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Niche differentiation of Mucoromycotinian and Glomeromycotinian arbuscular mycorrhizal fungi along a 2-million-year soil chronosequence

Overview of attention for article published in Mycorrhiza, May 2023
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  • In the top 25% of all research outputs scored by Altmetric
  • High Attention Score compared to outputs of the same age (84th percentile)

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Niche differentiation of Mucoromycotinian and Glomeromycotinian arbuscular mycorrhizal fungi along a 2-million-year soil chronosequence
Published in
Mycorrhiza, May 2023
DOI 10.1007/s00572-023-01111-x
Pubmed ID

Thomas M. Mansfield, Felipe E. Albornoz, Megan H. Ryan, Gary D. Bending, Rachel J. Standish


Current literature suggests ecological niche differentiation between co-occurring Mucoromycotinian arbuscular mycorrhizal fungi (M-AMF) and Glomeromycotinian AMF (G-AMF), but experimental evidence is limited. We investigated the influence of soil age, water availability (wet and dry), and plant species (native Microlaena stipoides and exotic Trifolium subterraneum) on anatomical root colonisation and DNA profiles of M-AMF and G-AMF under glasshouse conditions. We grew seedlings of each species in soils collected from the four stages of a soil chronosequence, where pH decreases from the youngest to oldest stages, and phosphorus (P) is low in the youngest and oldest, but high in the intermediate stages. We scored the percentage of root length colonised and used DNA metabarcoding to profile fungal richness and community composition associated with treatment combinations. Soil age, water availability, and plant species were important influencers of root colonisation, although no M-AMF were visible following staining of M. stipoides roots. Soil age and host plant influenced fungal richness and community composition. However, response to soil age, potential host species, and water availability differed between M-AMF and G-AMF. Root colonisation of T. subterraneum by M-AMF and G-AMF was inversely correlated with soil P level. Community composition of M-AMF and G-AMF was structured by soil age and, to a lesser extent, plant species. Richness of M-AMF and G-AMF was negatively, and positively, correlated with available P, respectively. These findings are experimental evidence of ecological niche differentiation of M-AMF and G-AMF and invite further exploration into interactive effects of abiotic and biotic factors on their communities along successional trajectories.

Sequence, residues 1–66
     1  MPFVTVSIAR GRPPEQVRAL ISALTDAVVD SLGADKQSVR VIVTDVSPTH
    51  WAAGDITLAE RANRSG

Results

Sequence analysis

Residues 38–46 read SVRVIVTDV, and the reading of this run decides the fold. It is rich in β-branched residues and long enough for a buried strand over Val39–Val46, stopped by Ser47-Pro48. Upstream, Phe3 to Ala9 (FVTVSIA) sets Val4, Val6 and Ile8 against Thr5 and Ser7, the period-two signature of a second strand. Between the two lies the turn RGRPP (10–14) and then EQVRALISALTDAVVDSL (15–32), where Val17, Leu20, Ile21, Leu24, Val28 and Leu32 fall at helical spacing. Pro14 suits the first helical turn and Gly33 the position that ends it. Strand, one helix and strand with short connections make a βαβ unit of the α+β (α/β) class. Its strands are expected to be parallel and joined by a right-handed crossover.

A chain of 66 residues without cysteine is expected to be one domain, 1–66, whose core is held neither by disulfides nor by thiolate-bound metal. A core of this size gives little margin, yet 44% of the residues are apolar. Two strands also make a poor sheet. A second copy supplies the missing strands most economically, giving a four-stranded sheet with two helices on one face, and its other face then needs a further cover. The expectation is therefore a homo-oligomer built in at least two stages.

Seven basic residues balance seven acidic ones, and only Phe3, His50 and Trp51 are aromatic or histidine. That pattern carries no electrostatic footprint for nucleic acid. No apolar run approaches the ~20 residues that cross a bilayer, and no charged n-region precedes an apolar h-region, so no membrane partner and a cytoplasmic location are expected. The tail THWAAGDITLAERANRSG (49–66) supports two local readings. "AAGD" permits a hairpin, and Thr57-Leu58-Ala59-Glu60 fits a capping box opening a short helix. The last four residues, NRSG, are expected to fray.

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The data shown below were collected from the profiles of 19 tweeters who shared this research output. Click here to find out more about how the information was compiled.
Mendeley readers

Mendeley readers

The data shown below were compiled from readership statistics for 7 Mendeley readers of this research output. Click here to see the associated Mendeley record.

Geographical breakdown

Country Count As %
Unknown 7 100%

Demographic breakdown

Readers by professional status Count As %
Student > Ph. D. Student 2 29%
Other 2 29%
Unspecified 1 14%
Researcher 1 14%
Student > Master 1 14%
Other 0 0%
Readers by discipline Count As %
Agricultural and Biological Sciences 4 57%
Environmental Science 2 29%
Biochemistry, Genetics and Molecular Biology 1 14%
Attention Score in Context

Attention Score in Context

This research output has an Altmetric Attention Score of 11. This is our high-level measure of the quality and quantity of online attention that it has received. This Attention Score, as well as the ranking and number of research outputs shown below, was calculated when the research output was last mentioned on 13 June 2023.
All research outputs
of 24,417,958 outputs
Outputs from Mycorrhiza
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Outputs of similar age
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Outputs of similar age from Mycorrhiza
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Altmetric has tracked 24,417,958 research outputs across all sources so far. Compared to these this one has done well and is in the 86th percentile: it's in the top 25% of all research outputs ever tracked by Altmetric.
So far Altmetric has tracked 679 research outputs from this source. They receive a mean Attention Score of 3.8. This one has done particularly well, scoring higher than 91% of its peers.
Older research outputs will score higher simply because they've had more time to accumulate mentions. To account for age we can compare this Altmetric Attention Score to the 380,460 tracked outputs that were published within six weeks on either side of this one in any source. This one has done well, scoring higher than 84% of its contemporaries.
We're also able to compare this research output to 3 others from the same source and published within six weeks on either side of this one.